Since the first Canadian energy efficiency regulation that phased out a handful of inefficient general service fluorescent lamps (GSFL) was introduced in 1995, there has been steady progress in the availability of more efficient lighting solutions into the market. In this sense, the options today for replacing older, less efficient lighting, like T12 lamps, are numerous. This progress has, in turn, made it possible for government to institute higher efficiency standards.
What will be phased out
Natural Resources Canada’s current proposal to amend its regulation on GSFL lamps will harmonize with the U.S. Department of Energy’s 2009 amendment, which increases efficacy levels on specified T5, T8, T12 and U-shaped fluorescent lamps in two-foot, four-foot and eight-foot lengths. Essentially, the majority of four-foot and eight-foot T12 lamps will be phased out entirely. Once passed, the amendment will apply to affected fluorescent lamps that are manufactured on or after July 14, 2012, after which date any lamps imported or manufactured in Canada, or shipped inter-provincially for sale or lease, must comply with the minimum efficiency standard.
Now is the time to undertake a lighting upgrade. Businesses need to start thinking about taking advantage of any financial incentives provided by provincial energy rebate programs before they go away. For those provinces that apply, the rebate provided by local utilities to convert to an energy-efficient lighting solution can make the initial cost of replacing a lighting system much more affordable. In some cases, the savings in energy costs, coupled with the available rebates, can completely cover the associated costs of the lighting retrofit itself.
Lighting upgrade considerations
It may appear that the easiest way to move forward with a lighting upgrade would be to replace individual components as they fail as this would avoid the upfront costs of equipment and installation labour in addition to the potential disruption of a renovation. However, replacing an existing system all at once with a planned overall upgrade presents major advantages, not least of which is avoiding the lost savings that compound the longer an owner waits to do an upgrade. Converting all fixtures at once in a space provides lighting uniformity, which can have a positive impact on the mood and productivity of occupants of the space, and can avoid confusion in maintaining different lamp and ballast types. Retrofitting a T12 fixture with a T8 system provides significant energy savings, and also provides better light quality and longer lifetimes that translate into maintenance, replacement and disposal cost-savings.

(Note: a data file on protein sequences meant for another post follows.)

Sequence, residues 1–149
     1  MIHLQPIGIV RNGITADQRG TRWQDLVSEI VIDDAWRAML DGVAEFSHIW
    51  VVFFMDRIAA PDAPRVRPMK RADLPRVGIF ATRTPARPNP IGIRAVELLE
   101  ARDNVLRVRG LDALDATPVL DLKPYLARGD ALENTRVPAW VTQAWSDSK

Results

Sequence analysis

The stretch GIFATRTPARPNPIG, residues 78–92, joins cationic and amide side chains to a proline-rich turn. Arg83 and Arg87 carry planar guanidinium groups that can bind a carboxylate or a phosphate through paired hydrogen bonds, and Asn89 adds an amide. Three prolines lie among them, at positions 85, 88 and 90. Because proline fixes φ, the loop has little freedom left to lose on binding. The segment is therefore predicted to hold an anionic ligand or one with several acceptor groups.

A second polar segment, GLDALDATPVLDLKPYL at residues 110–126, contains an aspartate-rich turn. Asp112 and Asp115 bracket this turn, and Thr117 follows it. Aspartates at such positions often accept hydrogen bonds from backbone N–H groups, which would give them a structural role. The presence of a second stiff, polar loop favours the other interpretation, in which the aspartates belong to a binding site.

When considering a truly sustainable lighting solution, the user should look for three key things: energy savings, long life and low toxicity – like that found with ALTO lamp technology. ALTO is a patented technology from Philips, which means that their fluorescent lamps contain the lowest mercury content in the industry, a feature which can be beneficial to those facilities seeking Leadership in Energy and Environmental Design (LEED) certification or with particular environmental goals.
In October 2010, the U.S. Department of Energy’s CALiPER (Commercially Available LED Product Evaluation and Reporting) program concluded many of the test lamps failed, or performed inconsistently, and that the output of an LED lamp is significantly lower than that of a T8, despite many of the manufacturer claims of equivalency.
Further, the efficiency of an LED versus a fluorescent is no higher, although the cost of the LED could be 15 to 20 times higher, which simply does not make financial sense. And because the technology is still so new, it is also important to ensure that LED products meet local electrical codes and comply with national safety standards, so that users can protect themselves from any potential issues after installation. Nevertheless, the speed at which LED lighting is growing and improving in terms of being a suitable direct replacement for traditional technology is phenomenal, so it is only a matter of time before these solutions exceed expectations.
Sharon MacArthur is channel marketing manager with Philips Light Sources and Electronics Canada in Markham, Ont.